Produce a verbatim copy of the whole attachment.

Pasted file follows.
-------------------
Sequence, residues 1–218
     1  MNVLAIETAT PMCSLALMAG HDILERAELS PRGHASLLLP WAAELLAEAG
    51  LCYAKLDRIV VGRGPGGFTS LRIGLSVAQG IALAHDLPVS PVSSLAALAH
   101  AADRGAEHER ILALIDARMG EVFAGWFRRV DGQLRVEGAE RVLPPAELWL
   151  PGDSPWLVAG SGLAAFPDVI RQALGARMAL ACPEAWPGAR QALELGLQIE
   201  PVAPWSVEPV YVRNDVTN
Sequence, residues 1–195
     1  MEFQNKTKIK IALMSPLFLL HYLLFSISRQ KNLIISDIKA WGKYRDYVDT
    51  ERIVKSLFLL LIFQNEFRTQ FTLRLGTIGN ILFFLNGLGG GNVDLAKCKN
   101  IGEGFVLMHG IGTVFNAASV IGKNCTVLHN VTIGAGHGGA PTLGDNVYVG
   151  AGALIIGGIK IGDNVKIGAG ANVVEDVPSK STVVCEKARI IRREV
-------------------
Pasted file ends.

Sequence, residues 1–218
     1  MNVLAIETAT PMCSLALMAG HDILERAELS PRGHASLLLP WAAELLAEAG
    51  LCYAKLDRIV VGRGPGGFTS LRIGLSVAQG IALAHDLPVS PVSSLAALAH
   101  AADRGAEHER ILALIDARMG EVFAGWFRRV DGQLRVEGAE RVLPPAELWL
   151  PGDSPWLVAG SGLAAFPDVI RQALGARMAL ACPEAWPGAR QALELGLQIE
   201  PVAPWSVEPV YVRNDVTN
Sequence, residues 1–195
     1  MEFQNKTKIK IALMSPLFLL HYLLFSISRQ KNLIISDIKA WGKYRDYVDT
    51  ERIVKSLFLL LIFQNEFRTQ FTLRLGTIGN ILFFLNGLGG GNVDLAKCKN
   101  IGEGFVLMHG IGTVFNAASV IGKNCTVLHN VTIGAGHGGA PTLGDNVYVG
   151  AGALIIGGIK IGDNVKIGAG ANVVEDVPSK STVVCEKARI IRREV